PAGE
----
With comedy, clever writing, empowerment and inspirational moments, this book will be a recommendation from me to absolutely everybody who asks after it.

Read my full review of Lessons in Chemistry | Buy Lessons in Chemistry on Amazon

2. The Mysterious Case of the Alperton Angels by Janice Hallett

Janice Hallett is one of my favourite authors. Every book she’s written I have thoroughly enjoyed and I think The Mysterious Case of the Alperton Angels may just be her best yet.

If you’ve not read anything from Hallett yet, all of her books are written in the modern-day day media. So instead of reading paragraphs and chapters, the book is set out using texts, emails, pamphlets, voice recordings etc. The Mysterious Case of the Alperton Angels uses most of these media still continues to produce an incredibly gripping story.

Using this method, Hallett manages to squeeze some real genuine personality out of each of the characters as she can literally write out how they’d text or email someone, using their syntax to build out a unique personality for them.

With all of this and a sweeping plot with twists and turns and a very tense final 50 pages or so, I was really truly impressed with this and that’s why it’s my second favourite book of the year.

Read my full review of The Mysterious Case of the Alperton Angels | Buy The Mysterious Case of the Alperton Angels on Amazon

1. The Return of the King by J.R.R. Tolkien

This is the final book in one of the greatest, if not the greatest, trilogies of all time – are we really surprised it’s this high?

When I started Lord of the Rings a while ago with the first book, I fully expected it to underwhelm me and to have not stood the test of time. Yes, there are some very long chapters that could have been removed to speed up the plot but other than this, the series, and this final book in particular, are almost flawless.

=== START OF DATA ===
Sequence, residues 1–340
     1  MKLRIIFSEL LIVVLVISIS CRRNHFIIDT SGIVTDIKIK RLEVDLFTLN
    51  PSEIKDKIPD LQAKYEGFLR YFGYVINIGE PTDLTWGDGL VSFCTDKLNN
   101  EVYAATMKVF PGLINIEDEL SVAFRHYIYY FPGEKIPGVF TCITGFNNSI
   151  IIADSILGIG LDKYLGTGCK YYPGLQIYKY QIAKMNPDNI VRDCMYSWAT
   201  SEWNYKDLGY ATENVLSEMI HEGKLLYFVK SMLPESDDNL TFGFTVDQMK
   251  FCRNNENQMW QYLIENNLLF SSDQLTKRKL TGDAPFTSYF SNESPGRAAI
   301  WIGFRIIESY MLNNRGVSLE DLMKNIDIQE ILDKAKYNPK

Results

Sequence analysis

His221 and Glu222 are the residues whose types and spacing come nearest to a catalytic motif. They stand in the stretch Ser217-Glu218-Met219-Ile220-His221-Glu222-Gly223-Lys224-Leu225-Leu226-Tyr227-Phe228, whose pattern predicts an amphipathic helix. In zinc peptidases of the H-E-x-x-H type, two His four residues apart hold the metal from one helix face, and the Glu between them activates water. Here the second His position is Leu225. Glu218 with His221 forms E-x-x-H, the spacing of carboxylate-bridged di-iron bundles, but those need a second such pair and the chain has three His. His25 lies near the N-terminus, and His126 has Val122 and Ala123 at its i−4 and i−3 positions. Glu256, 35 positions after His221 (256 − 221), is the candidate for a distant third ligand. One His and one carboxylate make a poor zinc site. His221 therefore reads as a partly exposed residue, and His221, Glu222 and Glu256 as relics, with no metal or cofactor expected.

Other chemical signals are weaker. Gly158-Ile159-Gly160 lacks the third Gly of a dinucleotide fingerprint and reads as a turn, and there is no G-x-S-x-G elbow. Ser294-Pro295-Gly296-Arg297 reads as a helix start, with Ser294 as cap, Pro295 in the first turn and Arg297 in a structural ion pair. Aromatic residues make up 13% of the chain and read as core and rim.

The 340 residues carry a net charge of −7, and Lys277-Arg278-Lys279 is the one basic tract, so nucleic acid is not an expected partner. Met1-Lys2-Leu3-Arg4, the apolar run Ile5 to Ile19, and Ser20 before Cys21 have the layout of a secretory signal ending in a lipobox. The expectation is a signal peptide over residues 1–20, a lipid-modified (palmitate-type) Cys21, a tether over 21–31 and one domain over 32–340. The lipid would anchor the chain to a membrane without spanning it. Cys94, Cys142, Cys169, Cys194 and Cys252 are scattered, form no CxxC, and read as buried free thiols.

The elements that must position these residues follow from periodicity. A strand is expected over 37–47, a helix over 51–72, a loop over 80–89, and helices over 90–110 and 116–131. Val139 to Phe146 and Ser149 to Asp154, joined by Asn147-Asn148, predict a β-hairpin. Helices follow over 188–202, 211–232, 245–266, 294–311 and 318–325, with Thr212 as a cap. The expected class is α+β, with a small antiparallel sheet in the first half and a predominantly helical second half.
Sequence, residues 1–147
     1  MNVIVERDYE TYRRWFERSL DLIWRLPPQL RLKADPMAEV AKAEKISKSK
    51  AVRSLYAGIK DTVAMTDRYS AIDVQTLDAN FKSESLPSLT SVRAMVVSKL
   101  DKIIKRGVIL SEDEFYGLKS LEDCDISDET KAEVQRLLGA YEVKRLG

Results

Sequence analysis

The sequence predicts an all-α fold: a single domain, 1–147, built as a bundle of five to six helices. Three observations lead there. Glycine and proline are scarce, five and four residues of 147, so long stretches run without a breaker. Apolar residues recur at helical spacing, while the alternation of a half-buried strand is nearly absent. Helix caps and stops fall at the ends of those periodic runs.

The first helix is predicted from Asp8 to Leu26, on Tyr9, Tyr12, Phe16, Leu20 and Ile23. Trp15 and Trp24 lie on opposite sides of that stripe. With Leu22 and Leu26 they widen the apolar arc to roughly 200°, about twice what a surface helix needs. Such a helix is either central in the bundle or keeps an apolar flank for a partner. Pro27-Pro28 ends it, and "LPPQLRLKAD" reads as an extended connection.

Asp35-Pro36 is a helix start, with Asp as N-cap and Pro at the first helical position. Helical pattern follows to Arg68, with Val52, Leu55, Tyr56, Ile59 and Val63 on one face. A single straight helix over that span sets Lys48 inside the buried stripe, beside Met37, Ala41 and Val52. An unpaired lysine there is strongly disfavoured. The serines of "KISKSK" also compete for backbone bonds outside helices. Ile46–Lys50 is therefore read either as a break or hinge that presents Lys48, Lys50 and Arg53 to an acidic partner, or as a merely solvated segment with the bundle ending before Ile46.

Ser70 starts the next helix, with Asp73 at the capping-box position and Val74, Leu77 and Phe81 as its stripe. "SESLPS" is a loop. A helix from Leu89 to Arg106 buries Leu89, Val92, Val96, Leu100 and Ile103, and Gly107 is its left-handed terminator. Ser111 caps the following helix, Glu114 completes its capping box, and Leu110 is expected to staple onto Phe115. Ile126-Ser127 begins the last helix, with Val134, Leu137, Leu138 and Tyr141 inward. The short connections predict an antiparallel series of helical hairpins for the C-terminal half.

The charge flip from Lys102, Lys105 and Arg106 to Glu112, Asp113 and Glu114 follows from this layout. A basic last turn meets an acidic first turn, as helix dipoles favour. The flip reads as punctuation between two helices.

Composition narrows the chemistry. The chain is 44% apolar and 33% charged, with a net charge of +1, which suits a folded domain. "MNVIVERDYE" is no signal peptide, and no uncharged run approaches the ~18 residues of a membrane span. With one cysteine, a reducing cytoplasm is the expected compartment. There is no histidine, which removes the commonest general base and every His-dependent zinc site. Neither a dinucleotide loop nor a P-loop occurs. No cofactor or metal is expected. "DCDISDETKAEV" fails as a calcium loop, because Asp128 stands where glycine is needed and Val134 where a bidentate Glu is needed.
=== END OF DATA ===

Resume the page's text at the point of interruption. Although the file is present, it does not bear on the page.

Featuring brilliantly written characters (excluding Frodo who we all know is meh), one of the most detailed and intriguing fantasy worlds ever written and a plot that almost anybody in the world could loosely recite back to you, there is very little to dislike about The Return of the King.

I’m a huge fantasy fan – I love almost everything about fantasy and I explained why one might consider it the greatest form of fiction too and The Return of the King is the absolute peak that every other fantasy book has to aspire to be like. You’ve got to tick every box there is in fiction and to still be able to do this with three separate books, each of which has audiobooks over 20 hours long and keep the reader’s attention is simply a feat very few books in any genre can do. But Lord of the Rings, and The Return of the King as the final third of the series, does this.

Read my full review of The Return of the King | Buy The Return of the King on Amazon

So there you have it…

Those are the absolute top bangers I read this year. I love reading and so when I’m reading and then finish books like all of those above and come out wanting to talk to everybody about them, it fills me with great joy and reminds me when I love reading so much.

Some of the books above will forever be on my list when people ask me what they should read next. Yes, some are genre-locked; if you don’t like fantasy, there’s no way I’d be recommending Lord of the Rings. But this doesn’t mean that those who aren’t fans of the fantasy can’t appreciate why someone else might think they’re great.

What about your favourite books?

So those are the top ten best books I’ve read this year, with some honourable mentions, but what are the best books you’ve read this year?

Let me know in the comments below. I’d love to know which of my top ten you’ve read, which you haven’t read but might not based of this list etc.

As I said, use the comments below or feel free to drop me a mention on social media by searching “@lukesblog1” on your favourite platform.

List of all of the books named:

To make it nice and easy for you to quickly pick up the books, here’s a full quick list of my reviews and Amazon links for all of the books: